In May 2020, the patient obtained clearance for surgery. A panoramic radiograph was taken (Fig. 5), and both the lesion associated with tooth 2.3 and the mandibular lesion had increased considerably in size. The surgical intervention was performed in June 2020 and included enucleation and curettage of the CGCG, extraction of teeth 2.3 and 3.5, and placement of a mandibular reconstruction plate and a bone graft in the left parasymphyseal region of the mandible.

In July 2021, the patient came back complaining of spontaneous pain in the upper left quadrant and mild left facial swelling. Periapical and panoramic radiographs were performed (Fig. 6, 7), and a well-defined, expansile, soft tissue-density lesion was noted in the left maxilla. It extended from the site of the missing 2.3 to the mesial of tooth 2.6 and from the alveolar crest to the floor of the left nasal cavity and maxillary sinus, which appeared to be superiorly displaced. Significant root resorption was noted on teeth 2.4 to 2.6. Multi-detector computed tomography (MDCT) with contrast was requested to better evaluate the lesion.

The MDCT revealed a 30 mm×25 mm mass involving the left side of the maxilla and hard palate supplied by branches of the distal lingual artery and the facial artery. The radiographic appearance was most consistent with a benign or malignant tumor, until proven otherwise.

A biopsy of the site revealed a large proliferation of multinucleated giant cells distributed in a highly cellular and vascular fibrous connective tissue stroma. Numerous multinucleated giant cells exhibited multiple hyperchromatic, round to ovoid nuclei with abundant eosinophilic cytoplasm, surrounded by trabecular viable bone that showed resorption and infiltration by the giant cells. The diagnosis of CGCG was confirmed.

Enucleation and curettage of the left maxillary CGCG and the extraction of teeth 2.4 to 2.6 were performed in February 2022. A panoramic radiograph was obtained immediately after surgery.(Fig. 8) The postoperative biopsy of the specimen confirmed the preoperative diagnosis of CGCG.

III. Discussion

NF1 is an inherited disorder caused by a spectrum of mutations affecting the NF1 gene. Increased incidence of CGCGs in the mandible or maxilla of NF1 patients is documented4,5. However, in the past it was thought to be a coincidental association or to reflect an underlying susceptibility of NF1 patients to developing CGCG-like lesions in qualitatively abnormal bone, such as fibrous dysplasia4. However, a genetic link has been demonstrated: a second mutation on the NF1 gene of neoplastic spindle-shaped cells in CGCGs has demonstrated the genetic association between the two conditions1.

In our case, an oral and maxillofacial radiologist detected the mandibular CGCG on a CBCT requested for implant planning purposes. The mandibular lesion with subtle radiographic changes was not documented by the dentist when the first panoramic radiograph was taken three years prior. In the Fig. 1, we can see a tortuous anterior third of the left inferior alveolar canal with a radiolucency apical to tooth 3.3. An additional radiolucent region can be seen on the apical portion of the mandibular incisors. However, the latter could also represent an artifact due to improper patient positioning. The presence of a palatoglossal airspace precluded the evaluation of tooth 2.3.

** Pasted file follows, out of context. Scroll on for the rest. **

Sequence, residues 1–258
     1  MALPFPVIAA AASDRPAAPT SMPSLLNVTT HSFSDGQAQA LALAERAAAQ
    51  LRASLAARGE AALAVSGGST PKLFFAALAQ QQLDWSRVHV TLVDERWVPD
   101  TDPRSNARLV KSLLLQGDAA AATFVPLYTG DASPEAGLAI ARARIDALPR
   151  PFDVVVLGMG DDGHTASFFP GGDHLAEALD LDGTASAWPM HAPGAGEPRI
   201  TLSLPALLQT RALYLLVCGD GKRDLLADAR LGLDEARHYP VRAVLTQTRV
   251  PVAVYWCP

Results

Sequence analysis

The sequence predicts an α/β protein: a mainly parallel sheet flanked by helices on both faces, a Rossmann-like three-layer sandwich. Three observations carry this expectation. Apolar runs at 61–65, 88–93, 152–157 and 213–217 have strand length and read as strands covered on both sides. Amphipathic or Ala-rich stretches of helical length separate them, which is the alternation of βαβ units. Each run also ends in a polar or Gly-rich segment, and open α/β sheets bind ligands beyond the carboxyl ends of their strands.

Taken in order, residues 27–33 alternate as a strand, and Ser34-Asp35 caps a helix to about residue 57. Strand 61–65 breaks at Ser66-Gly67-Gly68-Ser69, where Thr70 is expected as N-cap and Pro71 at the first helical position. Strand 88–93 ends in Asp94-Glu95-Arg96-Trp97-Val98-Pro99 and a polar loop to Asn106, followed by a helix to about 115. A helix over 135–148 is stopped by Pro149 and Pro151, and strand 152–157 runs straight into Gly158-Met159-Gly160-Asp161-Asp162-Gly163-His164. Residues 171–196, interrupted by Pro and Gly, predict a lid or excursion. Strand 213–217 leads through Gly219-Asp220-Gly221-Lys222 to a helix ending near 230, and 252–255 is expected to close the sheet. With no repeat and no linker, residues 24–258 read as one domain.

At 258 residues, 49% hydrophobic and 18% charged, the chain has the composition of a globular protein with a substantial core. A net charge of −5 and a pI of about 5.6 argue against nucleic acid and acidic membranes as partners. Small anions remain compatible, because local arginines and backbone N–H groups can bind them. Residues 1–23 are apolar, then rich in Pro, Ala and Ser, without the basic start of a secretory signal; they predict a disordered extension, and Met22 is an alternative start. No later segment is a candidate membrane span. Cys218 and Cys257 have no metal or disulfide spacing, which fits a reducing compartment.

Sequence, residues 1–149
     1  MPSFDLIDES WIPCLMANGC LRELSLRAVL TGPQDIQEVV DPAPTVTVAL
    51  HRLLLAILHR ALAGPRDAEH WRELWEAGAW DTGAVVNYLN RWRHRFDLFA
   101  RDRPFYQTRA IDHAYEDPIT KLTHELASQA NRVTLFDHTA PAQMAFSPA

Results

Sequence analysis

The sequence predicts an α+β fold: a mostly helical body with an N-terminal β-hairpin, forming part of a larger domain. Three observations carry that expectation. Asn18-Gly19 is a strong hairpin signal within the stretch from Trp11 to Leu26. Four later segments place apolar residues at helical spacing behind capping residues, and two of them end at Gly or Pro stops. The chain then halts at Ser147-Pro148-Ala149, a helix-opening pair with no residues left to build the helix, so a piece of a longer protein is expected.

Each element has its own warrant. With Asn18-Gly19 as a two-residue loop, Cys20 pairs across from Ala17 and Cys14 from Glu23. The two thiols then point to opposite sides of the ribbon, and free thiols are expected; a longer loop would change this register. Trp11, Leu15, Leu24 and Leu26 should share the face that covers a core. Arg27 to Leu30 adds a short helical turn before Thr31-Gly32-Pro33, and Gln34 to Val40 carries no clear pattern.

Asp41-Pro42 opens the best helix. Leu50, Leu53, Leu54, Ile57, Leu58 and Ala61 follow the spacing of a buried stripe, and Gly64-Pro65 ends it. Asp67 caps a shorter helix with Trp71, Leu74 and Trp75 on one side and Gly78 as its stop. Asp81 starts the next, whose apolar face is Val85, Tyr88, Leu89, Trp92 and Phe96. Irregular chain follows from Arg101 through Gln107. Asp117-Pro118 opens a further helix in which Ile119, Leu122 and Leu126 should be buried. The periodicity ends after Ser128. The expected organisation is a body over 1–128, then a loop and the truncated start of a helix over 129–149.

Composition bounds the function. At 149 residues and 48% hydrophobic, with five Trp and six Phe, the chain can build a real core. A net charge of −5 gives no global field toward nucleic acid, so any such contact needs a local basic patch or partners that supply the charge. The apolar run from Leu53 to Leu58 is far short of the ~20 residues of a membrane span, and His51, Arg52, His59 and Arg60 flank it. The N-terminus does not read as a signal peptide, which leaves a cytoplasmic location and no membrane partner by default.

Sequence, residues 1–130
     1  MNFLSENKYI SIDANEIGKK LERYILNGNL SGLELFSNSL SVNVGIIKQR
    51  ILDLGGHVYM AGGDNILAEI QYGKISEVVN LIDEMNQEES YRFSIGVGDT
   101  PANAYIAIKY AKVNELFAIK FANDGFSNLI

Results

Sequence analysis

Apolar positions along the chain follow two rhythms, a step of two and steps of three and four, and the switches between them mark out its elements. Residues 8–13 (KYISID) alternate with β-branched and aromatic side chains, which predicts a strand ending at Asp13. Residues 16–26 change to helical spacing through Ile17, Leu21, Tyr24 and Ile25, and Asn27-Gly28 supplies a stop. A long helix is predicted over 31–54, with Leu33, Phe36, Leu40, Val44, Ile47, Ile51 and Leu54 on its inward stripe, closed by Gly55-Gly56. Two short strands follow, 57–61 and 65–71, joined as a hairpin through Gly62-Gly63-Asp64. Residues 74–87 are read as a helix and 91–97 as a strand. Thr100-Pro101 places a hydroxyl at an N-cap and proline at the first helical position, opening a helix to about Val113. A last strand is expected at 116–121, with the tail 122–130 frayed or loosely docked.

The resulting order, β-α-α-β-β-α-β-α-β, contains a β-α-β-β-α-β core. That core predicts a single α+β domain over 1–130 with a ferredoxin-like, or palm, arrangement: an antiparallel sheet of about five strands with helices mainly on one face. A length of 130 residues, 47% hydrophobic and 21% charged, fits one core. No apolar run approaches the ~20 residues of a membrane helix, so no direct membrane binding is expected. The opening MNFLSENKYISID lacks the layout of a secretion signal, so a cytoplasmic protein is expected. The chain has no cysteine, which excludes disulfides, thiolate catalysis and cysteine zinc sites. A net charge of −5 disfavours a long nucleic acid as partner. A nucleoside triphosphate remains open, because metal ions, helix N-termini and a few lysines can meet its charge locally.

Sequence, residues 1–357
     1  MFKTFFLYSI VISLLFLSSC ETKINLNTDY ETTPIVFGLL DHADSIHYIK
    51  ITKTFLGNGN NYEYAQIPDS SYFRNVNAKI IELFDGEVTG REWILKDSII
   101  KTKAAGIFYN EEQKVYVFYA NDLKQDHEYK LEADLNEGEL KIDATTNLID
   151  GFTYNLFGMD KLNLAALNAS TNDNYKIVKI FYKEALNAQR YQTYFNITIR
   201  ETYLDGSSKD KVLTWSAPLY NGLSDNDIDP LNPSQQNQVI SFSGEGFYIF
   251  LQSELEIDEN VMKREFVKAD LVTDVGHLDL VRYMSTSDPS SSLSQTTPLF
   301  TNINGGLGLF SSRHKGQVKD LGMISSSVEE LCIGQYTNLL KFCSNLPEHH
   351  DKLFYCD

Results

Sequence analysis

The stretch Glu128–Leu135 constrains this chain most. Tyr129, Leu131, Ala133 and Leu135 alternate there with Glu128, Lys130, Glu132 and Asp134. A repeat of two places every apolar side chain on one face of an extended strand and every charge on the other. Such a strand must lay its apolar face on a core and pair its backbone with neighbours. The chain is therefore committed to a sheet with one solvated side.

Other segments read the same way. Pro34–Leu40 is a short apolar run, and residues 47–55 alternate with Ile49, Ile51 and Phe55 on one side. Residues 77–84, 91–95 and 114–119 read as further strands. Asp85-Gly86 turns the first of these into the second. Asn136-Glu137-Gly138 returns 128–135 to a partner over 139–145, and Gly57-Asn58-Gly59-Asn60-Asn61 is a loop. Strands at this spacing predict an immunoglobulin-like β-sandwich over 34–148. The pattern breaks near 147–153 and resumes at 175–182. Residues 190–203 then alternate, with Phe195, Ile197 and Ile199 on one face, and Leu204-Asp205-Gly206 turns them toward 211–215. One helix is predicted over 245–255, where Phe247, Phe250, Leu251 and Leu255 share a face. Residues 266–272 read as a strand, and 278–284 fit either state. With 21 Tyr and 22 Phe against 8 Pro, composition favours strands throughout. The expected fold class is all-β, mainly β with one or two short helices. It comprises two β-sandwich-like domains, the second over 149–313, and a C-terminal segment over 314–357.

At this time, the lesion associated with tooth 2.3 was diagnosed as a granuloma, and the tooth was extracted. Given the posterior development of a CGCG in this area, the question of an erroneous initial diagnosis arises.

NF1 is a common genetic disease with extremely variable expressivity. Oral manifestations are very common, so dentists should be aware of the characteristics of this disease. A knowledge of these manifestations will enhance early detection and enable optimal patient care.

CGCGs can be classified as aggressive or non-aggressive based on modified criteria proposed by Chuong and colleagues and Kaban and colleagues and explained by Chrcanovic et al.9. Lesions that present at least 3 of the features listed in Table 1 are classified as aggressive CGCGs. In our case, the mandibular CGCG met 3 of the criteria (tooth displacement, cortical bone thinning, and cortical perforation) and was considered aggressive. The maxillary CGCG met all criteria except size larger than 5 cm and was also considered aggressive. The distinction between aggressive and non-aggressive behaviors is critical for establishing the correct treatment plan.

At present, surgical curettage is the therapy most frequently applied for CGCGs, with recurrence rates of about 9% and 37.2% for non-aggressive and aggressive CGCGs, respectively. Higher recurrence rates have been seen in young patients, especially young males. However, no difference in recurrence was noted in the maxilla versus the mandible. The combination of curettage and enucleation, which was the surgical approach performed in our patient, has an 11.8% and 22.2% rate of recurrence for non-aggressive and aggressive lesions, respectively. The high recurrence rates are the major drawback of curettage and enucleation10. A more radical surgical intervention, such as segmental resection, has lower recurrence and higher success rates. However, it is associated with morbidities such as increasing the risk of damage to vital structures, facial disfigurement, and functional impairment due to bone destruction9.